Fourth Mass. monkeypox case confirmed by state health officials

Fourth Mass. monkeypox case confirmed by state health officials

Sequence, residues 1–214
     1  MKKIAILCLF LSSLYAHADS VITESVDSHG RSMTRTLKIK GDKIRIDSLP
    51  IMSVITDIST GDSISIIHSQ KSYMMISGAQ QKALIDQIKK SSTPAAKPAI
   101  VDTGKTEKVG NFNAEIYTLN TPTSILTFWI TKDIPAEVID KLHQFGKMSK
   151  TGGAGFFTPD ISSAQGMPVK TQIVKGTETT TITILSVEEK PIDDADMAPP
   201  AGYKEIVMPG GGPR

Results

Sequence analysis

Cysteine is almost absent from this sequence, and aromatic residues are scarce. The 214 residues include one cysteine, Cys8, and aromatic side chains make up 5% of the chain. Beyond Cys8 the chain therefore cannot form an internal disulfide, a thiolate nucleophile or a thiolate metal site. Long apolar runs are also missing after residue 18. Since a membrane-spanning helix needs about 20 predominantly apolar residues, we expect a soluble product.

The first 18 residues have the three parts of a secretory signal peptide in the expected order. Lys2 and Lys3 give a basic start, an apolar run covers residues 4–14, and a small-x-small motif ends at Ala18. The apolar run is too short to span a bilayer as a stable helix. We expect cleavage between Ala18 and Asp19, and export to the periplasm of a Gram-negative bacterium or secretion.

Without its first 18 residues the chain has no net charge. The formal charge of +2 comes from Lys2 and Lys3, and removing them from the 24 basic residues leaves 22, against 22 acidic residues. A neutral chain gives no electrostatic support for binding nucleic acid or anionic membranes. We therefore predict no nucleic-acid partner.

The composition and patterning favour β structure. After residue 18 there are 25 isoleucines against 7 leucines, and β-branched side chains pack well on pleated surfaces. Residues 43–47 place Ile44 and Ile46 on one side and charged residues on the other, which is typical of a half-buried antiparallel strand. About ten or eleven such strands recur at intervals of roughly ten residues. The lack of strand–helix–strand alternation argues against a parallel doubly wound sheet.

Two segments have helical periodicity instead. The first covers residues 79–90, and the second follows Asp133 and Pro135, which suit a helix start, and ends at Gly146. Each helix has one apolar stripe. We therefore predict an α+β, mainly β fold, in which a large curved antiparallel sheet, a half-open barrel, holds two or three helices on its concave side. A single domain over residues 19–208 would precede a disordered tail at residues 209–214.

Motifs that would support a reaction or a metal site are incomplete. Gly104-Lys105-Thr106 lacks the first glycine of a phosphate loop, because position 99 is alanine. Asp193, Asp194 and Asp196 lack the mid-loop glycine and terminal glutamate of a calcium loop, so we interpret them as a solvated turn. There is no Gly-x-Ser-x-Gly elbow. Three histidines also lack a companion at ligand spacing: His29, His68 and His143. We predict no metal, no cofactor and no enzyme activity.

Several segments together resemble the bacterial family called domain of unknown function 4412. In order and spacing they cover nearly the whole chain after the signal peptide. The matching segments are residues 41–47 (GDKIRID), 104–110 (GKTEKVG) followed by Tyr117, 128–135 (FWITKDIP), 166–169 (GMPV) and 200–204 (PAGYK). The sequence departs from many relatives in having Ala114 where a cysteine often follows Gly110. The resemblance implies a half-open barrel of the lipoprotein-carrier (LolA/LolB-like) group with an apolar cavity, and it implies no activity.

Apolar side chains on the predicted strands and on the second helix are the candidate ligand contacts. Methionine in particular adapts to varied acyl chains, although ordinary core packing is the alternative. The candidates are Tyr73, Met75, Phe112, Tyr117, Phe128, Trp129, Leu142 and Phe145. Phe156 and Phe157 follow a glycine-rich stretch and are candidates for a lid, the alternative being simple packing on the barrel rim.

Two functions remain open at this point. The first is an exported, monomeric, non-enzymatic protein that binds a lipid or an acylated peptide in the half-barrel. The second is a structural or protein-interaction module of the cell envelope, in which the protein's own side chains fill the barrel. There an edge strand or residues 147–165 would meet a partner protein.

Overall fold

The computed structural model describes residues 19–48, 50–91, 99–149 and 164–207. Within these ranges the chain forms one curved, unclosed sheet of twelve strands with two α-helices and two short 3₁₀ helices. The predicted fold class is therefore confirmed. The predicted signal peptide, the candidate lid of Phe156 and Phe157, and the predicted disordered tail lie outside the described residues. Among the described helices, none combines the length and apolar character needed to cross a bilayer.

The Massachusetts Department of Public Health announced Tuesday an additional case of monkeypox in an adult male, the fourth case in the past month. The DPH said they were working with local health officials, the patient, and health care providers to identify individuals who may have been in contact with the patient while he was infectious. The person was currently isolating to prevent the spread to others.The fourth case comes just days after the DPH confirmed two additional monkeypox cases in two adult men who had close contact with each other. According to the DPH, neither of those cases had any known link to the first case in Massachusetts, which was identified on May 18.Current data from the Centers for Disease Control and Prevention indicates that there have been 65 cases of monkeypox virus this year in U.S. residents. There have been no deaths in the U.S. or globally related to this outbreak and patients generally recover fully in two to four weeks.“Although monkeypox infections remain rare, and none of the close contacts from Massachusetts’ first case developed monkeypox during their monitoring period, the CDC is reporting that cases continue to rise across the United States,” DPH State Epidemiologist Dr. Catherine Brown said in a statement. “It is very important to be aware of the symptoms of monkeypox and to be vigilant. Individuals with concerning rashes should contact their health care provider.”Early symptoms of monkeypox can include fever, headache, sore throat and swollen lymph nodes, but a rash may be the first symptom. Rash lesions start flat, become raised, fill with clear fluid (vesicles) and then become pustules (filled with pus). A person with monkeypox can have many lesions or they may only have a few.Although many of the early monkeypox cases in this current outbreak were associated with international travel, recent cases are not. According to the DPH, gay and bisexual men, and other men who have sex with men, make up a large proportion of the cases identified to date. However, anyone who has been in close contact with someone who has monkeypox is at risk.While the virus does not spread easily between people, people can spread the infection once they develop symptoms. Transmission occurs through direct contact with body fluids and monkeypox sores, by touching items that have been contaminated with fluids or sores (clothing, bedding, etc.), or less commonly, through respiratory droplets following prolonged face-to-face contact.Anyone who believes they may have monkeypox should isolate, but if they need to leave their home, they should wear a mask and cover their rash or lesions when around others.Those who live with or care for someone who may have monkeypox should wear a mask and disposable gloves if they need to have any direct contact with lesions and when handling any clothes or bedding if the person cannot do it themselves. They should also wash their hands regularly, especially after contact with the person who is infected or with their clothes, bed sheets, towels and other items or surfaces they have touched.